An overview of abuse and corruption in the Catholic Church and the underpinning causes.

Tom Doyle, Priest, Canon Lawyer and American Airforce pilot, has over 35 years experience of

relentlessly challenging sexual violence and abuse in the Catholic Church. He advised members of the Vatican's 2015 Pontifical Commission which investigated clergy sexual abuse. Tom works tirelessly on behalf of survivors and as an expert witness for them. Tom will touch on the scale of abuse and crime, its many forms and the root causes, in the context of international and historical perspectives.

Saturday 12 February 10.00 London time

Francis Sullivan AO

Cover-Up Culture in the Church: What Must be Done?

Francis will highlight the challenges in changing a culture of systemic abuse. He will also identify whole church reform strategies to create strong foundations, a changed system of accountability and structural Church reforms closer to the person and mission of Jesus Christ. Francis Sullivan currently chairs the Mater Group of Hospitals as well as Catholic Social Services in Australia. He previously held a chief executive position with Catholic Church’s Truth, Justice and Healing Council. In 2020, he was honoured for his services to the community as an Officer of the Order of Australia (A0).

Thursday 24 February 20.00 London time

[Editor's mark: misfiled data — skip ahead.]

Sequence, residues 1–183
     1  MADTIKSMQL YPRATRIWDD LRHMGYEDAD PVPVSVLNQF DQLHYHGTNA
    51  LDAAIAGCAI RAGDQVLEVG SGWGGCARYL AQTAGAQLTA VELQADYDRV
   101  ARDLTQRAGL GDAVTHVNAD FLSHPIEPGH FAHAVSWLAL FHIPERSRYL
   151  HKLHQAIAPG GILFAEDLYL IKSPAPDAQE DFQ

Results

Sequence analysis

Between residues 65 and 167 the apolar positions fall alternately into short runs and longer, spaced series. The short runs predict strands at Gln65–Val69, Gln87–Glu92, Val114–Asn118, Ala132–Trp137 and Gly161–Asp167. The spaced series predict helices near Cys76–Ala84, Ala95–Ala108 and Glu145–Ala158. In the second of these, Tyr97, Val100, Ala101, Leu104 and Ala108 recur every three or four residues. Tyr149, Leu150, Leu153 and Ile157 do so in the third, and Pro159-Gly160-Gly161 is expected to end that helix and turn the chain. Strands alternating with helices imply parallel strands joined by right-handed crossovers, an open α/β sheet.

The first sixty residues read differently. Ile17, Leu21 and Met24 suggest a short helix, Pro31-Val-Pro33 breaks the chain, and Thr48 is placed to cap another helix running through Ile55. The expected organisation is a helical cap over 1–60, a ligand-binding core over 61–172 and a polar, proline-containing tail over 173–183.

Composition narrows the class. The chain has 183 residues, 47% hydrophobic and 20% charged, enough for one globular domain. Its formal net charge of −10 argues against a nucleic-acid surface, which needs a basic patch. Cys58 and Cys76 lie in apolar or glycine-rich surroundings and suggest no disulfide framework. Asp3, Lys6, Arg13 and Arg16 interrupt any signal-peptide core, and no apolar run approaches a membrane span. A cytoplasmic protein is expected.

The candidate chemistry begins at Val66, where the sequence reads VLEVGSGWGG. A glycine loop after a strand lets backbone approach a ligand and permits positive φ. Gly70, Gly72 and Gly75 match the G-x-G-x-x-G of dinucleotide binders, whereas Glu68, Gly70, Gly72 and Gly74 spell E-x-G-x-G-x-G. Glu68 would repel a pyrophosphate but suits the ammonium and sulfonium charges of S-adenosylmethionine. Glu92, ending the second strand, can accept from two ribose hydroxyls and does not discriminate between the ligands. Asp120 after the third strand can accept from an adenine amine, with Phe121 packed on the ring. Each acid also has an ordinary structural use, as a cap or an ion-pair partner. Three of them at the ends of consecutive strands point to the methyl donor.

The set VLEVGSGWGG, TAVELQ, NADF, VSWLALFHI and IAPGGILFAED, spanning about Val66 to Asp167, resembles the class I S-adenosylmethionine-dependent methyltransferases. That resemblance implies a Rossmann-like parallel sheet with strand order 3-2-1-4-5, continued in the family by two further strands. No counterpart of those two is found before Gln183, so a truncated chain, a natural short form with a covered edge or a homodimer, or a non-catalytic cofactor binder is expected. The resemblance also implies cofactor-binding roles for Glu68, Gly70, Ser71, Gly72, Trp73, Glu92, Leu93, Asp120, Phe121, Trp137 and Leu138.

What can we do?

Tom Doyle and Francis Sullivan will join us for an Open Forum - your chance to contribute

‘I say to you, as you did it to one of the least of these my brothers, you did it to me’. (Matthew 25:40) This will be a time of sharing amongst ourselves, to refƣlƣect on what we’ve heard and what we know about abuse within the Catholic Church. As the People of God, how will we empower ourselves to insist on and create change? This is a positive, lay-led and forward-looking opportunity to progress that we can take away and share with others.


The images ‘Esse est Percipi’ (to exist is to be recognized), are dedicated to the memory of all victims of sexual abuse committed within the Church. The works were donated by survivors and their relatives. This statue of a child's dress symbolises wounded childhood and fragility and is in the Basilica of Koekelberg, Brussels, Belgium. Statues are also found in Antwerp and Bruges.

Root and Branch Forum


Root & Branch is an “all are welcome” forum for change. We believe that we can all contribute and learn. We are working to make the Catholic Church safe, inclusive and welcoming to all. Our thinking has the endorsement of pastorally sensitive and well-informed thinkers and theologians, lay and clerical.

Our work is offered in the spirit of Canon Law 212.3, which states that ‘the Christian faithful… have the right and even at times the duty to manifest to the sacred pastors their opinion on matters which pertain to the good of the Church and to make their opinion known to the rest of the Christian faithful’.

Scottish Laity Network

Our core vision in the Scottish Laity Network is to enable Scottish laity to come together as disciples of Jesus, and through prayer, dialogue and discernment fƣiƣnd 'new ways' of being Church in Scotland in the 21st Century. Rooted in that vision we seek to refƣlƣect on the 'signs of the times' as revealed through COVID-19 and the Climate Emergency and, through the promptings of the Spirit, discern how we are called to respond.

Please note:
Both Root & Branch and Scottish Laity Network are voluntary bodies, who have no funding apart from the donations of our supporters. We give freely of our time, but we are grateful for the means to spread the word. We depend on this generosity to fund our online work, Zoom events, websites, social media and recording, editing and outputting.


You must be logged in to comment.

Back to Blog